|Discovered by||David C. Jewitt|
G. Edward Danielson
|Discovery date||July 8, 1979|
Mean orbit radius
|0.29826 d (7 h 9.5 min)|
Average orbital speed
|Inclination||0.03° (to Jupiter's equator)|
|8.2 ± 2.0 km|
|0.86 g/cm³ (assumed)|
|~0.002 m/s² (0.0004 g)|
|Albedo||~0.1 ± 0.045|
Adrastea or Jupiter XV, is the second closest moon to Jupiter. It was found by David C. Jewitt and G. Edward Danielson in Voyager 2 probe photographs taken in 1979 and received the designation S/1979 J 1. In 1983, it was named after the mythological Adrastea, who was a daughter of Jupiter and Ananke.
Adrastea was the first moon to be found from images taken by an interplanetary spacecraft, rather than through telescopic photography.
Physical characteristics[change | change source]
Adrastea is non-spherical and measures 20x16x14 km³ across. What Adrastea is made of and the mass of Adrastea are not known, but assuming that its mean density is like that of Amalthea (~0.86 g/cm³) its mass can be estimated at ~2×1015 kg. Amalthea's density implies that moon is composed of water ice with a porosity of 10-15%, and Adrastea may be similar.
No surface details of Adrastea are known, due to the low resolution of available images.
Orbit[change | change source]
Adrastea is the smallest and second closest member of the closer moons to Jupiter. It orbits Jupiter at ~129,000 km (1.806 Jupiter radii) within the planet's Main Ring. The orbital eccentricity of ~0.0015 and inclination of ~ 0.03° relative to the equator of Jupiter are very small.
Exploration[change | change source]
References[change | change source]
- Evans, M. W.; Porco, C. C.; Hamilton, D. P. (2002). "The Orbits of Metis and Adrastea: The Origin and Significance of their Inclinations". Bulletin of the American Astronomical Society. 34: 883. Bibcode:2002DPS....34.2403E.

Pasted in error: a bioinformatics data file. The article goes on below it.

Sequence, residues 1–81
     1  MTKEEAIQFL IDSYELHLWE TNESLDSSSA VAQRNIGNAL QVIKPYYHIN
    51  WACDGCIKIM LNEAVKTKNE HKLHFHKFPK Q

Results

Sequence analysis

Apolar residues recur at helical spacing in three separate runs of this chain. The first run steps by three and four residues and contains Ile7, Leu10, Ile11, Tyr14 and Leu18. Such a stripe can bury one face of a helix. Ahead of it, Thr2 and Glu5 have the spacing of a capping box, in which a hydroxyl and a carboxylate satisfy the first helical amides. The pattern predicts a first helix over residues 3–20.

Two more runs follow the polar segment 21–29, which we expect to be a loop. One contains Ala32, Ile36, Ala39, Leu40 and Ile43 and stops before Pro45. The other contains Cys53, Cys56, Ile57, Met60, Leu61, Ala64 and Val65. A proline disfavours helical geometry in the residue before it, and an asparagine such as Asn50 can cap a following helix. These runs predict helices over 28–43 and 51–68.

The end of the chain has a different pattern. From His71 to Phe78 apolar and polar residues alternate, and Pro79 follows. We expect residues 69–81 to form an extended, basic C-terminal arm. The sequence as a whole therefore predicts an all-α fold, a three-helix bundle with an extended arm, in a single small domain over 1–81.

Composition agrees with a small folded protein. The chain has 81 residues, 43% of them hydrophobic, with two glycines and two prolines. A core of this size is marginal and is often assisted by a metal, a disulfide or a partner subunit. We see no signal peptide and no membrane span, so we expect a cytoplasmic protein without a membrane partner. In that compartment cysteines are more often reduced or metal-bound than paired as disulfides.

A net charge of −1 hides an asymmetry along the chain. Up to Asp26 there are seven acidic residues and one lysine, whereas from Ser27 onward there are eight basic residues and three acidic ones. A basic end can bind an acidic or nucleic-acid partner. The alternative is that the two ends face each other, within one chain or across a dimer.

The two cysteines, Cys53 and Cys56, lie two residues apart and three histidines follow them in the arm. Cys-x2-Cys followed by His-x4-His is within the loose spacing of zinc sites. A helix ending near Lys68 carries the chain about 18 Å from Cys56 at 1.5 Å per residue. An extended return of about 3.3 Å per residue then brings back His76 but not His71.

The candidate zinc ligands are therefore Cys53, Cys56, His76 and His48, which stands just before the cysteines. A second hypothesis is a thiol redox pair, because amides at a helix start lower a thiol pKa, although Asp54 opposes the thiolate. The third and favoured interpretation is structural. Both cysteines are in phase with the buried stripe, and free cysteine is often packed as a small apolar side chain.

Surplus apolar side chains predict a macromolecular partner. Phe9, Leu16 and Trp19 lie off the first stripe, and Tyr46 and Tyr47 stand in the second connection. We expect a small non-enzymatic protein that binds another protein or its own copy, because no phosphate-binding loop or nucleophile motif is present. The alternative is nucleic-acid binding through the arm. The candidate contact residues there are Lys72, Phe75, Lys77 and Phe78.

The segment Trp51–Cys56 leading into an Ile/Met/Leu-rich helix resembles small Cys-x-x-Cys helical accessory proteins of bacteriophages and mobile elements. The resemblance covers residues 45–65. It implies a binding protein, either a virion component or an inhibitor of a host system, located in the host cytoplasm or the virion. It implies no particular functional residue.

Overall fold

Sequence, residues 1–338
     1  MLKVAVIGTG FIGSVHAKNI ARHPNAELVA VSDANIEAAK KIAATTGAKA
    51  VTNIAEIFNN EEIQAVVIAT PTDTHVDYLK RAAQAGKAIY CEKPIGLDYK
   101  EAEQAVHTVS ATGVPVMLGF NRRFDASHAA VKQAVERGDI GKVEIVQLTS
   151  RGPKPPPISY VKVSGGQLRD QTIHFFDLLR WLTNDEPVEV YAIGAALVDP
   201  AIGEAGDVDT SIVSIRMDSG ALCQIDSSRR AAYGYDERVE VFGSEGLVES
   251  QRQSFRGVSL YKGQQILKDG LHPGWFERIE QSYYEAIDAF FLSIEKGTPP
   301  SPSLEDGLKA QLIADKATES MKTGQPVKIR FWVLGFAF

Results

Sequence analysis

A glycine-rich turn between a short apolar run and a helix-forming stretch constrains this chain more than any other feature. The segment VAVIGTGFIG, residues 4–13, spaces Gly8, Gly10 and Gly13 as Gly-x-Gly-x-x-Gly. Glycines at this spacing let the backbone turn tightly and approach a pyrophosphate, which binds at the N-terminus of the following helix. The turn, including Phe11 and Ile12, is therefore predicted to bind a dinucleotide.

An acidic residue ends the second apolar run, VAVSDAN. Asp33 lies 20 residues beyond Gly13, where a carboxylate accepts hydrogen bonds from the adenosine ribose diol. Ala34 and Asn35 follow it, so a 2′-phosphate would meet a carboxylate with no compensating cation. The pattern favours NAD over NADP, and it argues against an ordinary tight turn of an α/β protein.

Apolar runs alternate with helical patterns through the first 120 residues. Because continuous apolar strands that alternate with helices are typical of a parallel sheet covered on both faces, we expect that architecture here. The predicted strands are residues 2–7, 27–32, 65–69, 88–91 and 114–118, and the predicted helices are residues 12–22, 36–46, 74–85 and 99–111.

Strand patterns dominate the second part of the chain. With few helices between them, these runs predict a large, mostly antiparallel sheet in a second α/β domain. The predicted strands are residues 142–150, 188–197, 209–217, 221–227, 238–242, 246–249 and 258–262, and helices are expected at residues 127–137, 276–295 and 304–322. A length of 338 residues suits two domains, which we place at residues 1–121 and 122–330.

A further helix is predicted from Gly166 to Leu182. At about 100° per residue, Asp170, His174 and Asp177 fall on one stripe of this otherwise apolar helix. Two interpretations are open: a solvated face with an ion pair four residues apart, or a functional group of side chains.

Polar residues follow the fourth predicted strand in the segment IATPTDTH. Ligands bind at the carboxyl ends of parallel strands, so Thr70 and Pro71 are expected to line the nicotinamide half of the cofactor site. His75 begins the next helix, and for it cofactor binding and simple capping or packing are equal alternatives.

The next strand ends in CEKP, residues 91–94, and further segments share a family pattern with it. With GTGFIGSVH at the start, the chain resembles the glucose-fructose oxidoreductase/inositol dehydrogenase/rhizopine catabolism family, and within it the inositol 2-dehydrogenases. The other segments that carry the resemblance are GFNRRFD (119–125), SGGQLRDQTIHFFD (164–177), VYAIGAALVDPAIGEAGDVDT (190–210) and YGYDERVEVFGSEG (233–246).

- Burns, J.A.; D.P. Simonelli & M.R. Showalter et al. (2004), "Jupiter’s Ring-Moon System", in Bagenal, F.; Dowling, T. E.; McKinnon, W. B., Jupiter: The planet, Satellites and Magnetosphere, Cambridge University Press
- Calculated on the basis of other parameters
- Thomas, P.C.; Burns, J.A.; Rossier, L.; Simonelli, D.; Veverka, J.; Chapman, C.R.; Klaasen, K.; Johnson, T.V.; Belton, M.J.S. (1998). "The Small Inner Satellites of Jupiter". ICARUS. 135: 360–371. Bibcode:2000Icar..147..353S. doi:10.1006/icar.1998.5976.
- IAUC 3454: Editorial Notice 1980 February 25 (discovery)
- Jewitt, David C.; Danielson, G. Edward; Synnott, Stephen P. (1979). "Discovery of a New Jupiter Satellite". Science. 206 (4421): 951. doi:10.1126/science.206.4421.951. PMID 17733911. S2CID 6391249.
- IAUC 3872: Satellites of Jupiter and Saturn 1983 September 30 (naming the moon)
- Anderson, John D.; Johnson, Torrence V.; Schubert, Gerald; Asmar, Sami; Jacobson, Robert A.; Johnston, Douglas; Lau, Eunice L.; Lewis, George; Moore, William B.; Taylor, Anthony; Thomas, Peter C.; Weinwurm, Gudrun (2005). "Amalthea's Density Is Less Than That of Water". Science. 308 (5726): 1291–1293. Bibcode:2005Sci...308.1291A. doi:10.1126/science.1110422. PMID 15919987. S2CID 924257.